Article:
In 2012, Republicans gained a veto-proof supermajority in Missouri, and it’s probably going to get worse after Tuesday. Why is it so bad in Missouri? How about the fact that anti-choice Republicans there have done everything they can—including passing 31 anti-choice bills this year alone in an effort to close Missouri’s last remaining abortion clinic and sending a pleading letter to Missouri Attorney General Chris Koster demanding that he enforce the state’s unconstitutional abortion ban—to really stick it to women in Missouri.
They say Missouri is the “show-me” state. More like the “show me the way out” state.
6. Impeachment Proceedings
Speaking of “show me the way out,” should Republicans take back the Senate, they will likely attempt to show President Obama the way out of office.
In an email to the Progressive Change Campaign Committee, Senate Majority Leader Harry Reid warned that a Republican takeover would likely lead to impeachment proceedings. For what? Who the fuck knows. I’m fairly certain if Republicans could impeach President Obama for being Black, they probably would. (Oops, did I just play “the race card”? You’re goddamn right I did.)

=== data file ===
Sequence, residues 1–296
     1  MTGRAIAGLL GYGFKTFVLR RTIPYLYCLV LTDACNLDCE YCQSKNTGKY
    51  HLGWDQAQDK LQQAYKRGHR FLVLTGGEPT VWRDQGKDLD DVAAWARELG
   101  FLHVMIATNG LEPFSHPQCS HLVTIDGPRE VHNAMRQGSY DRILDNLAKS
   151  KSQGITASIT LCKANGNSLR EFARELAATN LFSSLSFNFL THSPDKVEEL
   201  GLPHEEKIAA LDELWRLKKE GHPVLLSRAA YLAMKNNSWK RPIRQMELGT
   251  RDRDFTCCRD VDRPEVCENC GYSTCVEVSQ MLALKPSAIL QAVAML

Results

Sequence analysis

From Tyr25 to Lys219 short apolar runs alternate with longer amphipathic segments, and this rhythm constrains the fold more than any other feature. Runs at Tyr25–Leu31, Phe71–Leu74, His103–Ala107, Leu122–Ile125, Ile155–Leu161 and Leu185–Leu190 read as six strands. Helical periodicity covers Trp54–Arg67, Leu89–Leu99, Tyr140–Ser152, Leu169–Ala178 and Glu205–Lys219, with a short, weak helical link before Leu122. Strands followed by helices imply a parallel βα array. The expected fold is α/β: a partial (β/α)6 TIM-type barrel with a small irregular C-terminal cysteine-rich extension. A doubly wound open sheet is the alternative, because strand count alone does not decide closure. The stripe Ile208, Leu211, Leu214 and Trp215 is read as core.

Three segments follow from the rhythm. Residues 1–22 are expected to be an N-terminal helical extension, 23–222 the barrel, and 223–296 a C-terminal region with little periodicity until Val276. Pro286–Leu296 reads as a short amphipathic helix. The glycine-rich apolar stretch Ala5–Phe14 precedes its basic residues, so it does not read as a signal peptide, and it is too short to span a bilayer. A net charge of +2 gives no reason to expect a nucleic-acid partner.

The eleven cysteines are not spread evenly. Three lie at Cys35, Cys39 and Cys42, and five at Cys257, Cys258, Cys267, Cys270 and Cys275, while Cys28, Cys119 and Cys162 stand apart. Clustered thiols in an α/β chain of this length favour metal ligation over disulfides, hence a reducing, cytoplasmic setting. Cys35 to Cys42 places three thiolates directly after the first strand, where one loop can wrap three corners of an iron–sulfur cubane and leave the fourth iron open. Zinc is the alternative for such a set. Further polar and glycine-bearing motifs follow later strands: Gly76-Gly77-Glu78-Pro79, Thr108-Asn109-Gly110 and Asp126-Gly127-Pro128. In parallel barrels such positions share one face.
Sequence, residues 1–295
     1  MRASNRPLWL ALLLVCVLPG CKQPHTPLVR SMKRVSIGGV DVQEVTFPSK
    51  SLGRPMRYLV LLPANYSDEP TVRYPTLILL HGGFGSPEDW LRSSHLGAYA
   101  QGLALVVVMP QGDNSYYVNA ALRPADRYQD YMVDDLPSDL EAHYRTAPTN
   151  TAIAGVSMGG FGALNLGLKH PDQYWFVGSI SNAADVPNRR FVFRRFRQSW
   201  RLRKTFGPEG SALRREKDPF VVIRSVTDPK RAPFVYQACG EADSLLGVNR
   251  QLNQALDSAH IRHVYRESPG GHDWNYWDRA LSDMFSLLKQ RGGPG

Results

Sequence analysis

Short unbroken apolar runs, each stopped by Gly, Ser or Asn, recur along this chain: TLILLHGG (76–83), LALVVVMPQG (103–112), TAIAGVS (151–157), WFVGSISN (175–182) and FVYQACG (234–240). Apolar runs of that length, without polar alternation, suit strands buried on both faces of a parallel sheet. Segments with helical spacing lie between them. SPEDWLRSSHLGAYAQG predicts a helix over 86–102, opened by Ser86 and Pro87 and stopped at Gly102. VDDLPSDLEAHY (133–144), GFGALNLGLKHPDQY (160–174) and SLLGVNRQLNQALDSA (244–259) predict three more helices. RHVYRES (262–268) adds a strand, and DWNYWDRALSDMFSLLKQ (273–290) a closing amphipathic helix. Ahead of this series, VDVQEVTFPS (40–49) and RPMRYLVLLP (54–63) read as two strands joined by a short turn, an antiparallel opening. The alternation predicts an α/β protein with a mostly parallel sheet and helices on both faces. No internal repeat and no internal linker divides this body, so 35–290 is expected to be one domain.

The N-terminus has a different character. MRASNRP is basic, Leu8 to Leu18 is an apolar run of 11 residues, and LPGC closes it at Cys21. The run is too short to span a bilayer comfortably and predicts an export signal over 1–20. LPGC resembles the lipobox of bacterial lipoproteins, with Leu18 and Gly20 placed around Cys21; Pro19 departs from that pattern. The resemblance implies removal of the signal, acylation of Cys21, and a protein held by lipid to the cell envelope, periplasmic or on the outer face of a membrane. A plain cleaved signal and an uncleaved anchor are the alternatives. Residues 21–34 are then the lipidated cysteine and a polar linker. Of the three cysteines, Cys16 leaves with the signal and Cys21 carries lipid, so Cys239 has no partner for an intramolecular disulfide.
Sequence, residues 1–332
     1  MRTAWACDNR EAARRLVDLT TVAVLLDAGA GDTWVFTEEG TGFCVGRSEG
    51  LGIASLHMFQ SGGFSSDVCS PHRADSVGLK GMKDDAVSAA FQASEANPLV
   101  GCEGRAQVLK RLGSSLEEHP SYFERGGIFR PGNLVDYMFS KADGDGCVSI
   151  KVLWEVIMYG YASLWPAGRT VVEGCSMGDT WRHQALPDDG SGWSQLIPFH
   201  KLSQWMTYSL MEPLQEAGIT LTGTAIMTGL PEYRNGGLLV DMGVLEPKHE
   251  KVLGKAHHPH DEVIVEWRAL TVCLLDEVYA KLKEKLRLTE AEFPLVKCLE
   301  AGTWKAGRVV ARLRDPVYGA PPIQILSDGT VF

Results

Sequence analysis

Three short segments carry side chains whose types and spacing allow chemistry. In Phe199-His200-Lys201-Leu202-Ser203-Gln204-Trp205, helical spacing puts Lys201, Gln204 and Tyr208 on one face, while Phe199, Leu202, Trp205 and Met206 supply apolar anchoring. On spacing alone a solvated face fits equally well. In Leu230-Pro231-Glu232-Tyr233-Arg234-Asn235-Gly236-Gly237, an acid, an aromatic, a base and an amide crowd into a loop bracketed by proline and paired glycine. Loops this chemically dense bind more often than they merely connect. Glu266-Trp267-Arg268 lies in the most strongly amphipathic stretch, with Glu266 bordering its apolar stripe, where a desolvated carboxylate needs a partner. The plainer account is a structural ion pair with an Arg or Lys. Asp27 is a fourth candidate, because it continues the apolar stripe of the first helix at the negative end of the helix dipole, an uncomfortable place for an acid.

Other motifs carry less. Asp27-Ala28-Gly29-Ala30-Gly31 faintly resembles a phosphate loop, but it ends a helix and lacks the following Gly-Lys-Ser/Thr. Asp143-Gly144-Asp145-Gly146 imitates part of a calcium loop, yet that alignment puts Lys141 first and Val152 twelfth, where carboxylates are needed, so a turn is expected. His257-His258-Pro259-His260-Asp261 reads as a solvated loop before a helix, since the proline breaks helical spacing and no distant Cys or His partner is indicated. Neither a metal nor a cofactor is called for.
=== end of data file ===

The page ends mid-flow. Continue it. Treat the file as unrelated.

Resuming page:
In reality, however, Republicans will probably file articles of impeachment over some nonsense like BENGHAZI!!!!11 or MEXICANZ!!one!1! because they’re the worst, that’s why.
Should you think this is a mere hypothetical, Wolf Huntress and Wink Enthusiast Sarah Palin has already called for President Obama’s impeachment. (Why there are still noises coming out of her face-hole is anyone’s guess, since she’s about as useful as a white crayon.)
Thus far, it’s worth noting, few people have backed her. Sen. John McCain—Palin’s former running mate and person on whom I blame her existence in the political sphere—said he “disagreed.” Another Republican, Rep. Blake Farenthold (Texas), called impeachment efforts “an exercise in futility.” Still, it would be foolish to underestimate Republicans. They don’t brain so good.
7. Climate Change
Speaking of Republicans who don’t brain so good, how about those climate change denialists? Eh?
The earth is getting warmer. You know it. I know it. Scientists know it. But you know who doesn’t know it? A hell of a lot of Republicans. Here’s a video that Lee Fang of The Republic Report put together which shows just which candidates have their heads so far lodged up their respective colons when it comes to climate science that they can probably taste the rainbow. I recommend giving your brain a good whiskey-soaking before watching how criminally uninformed many of these prospective legislators are: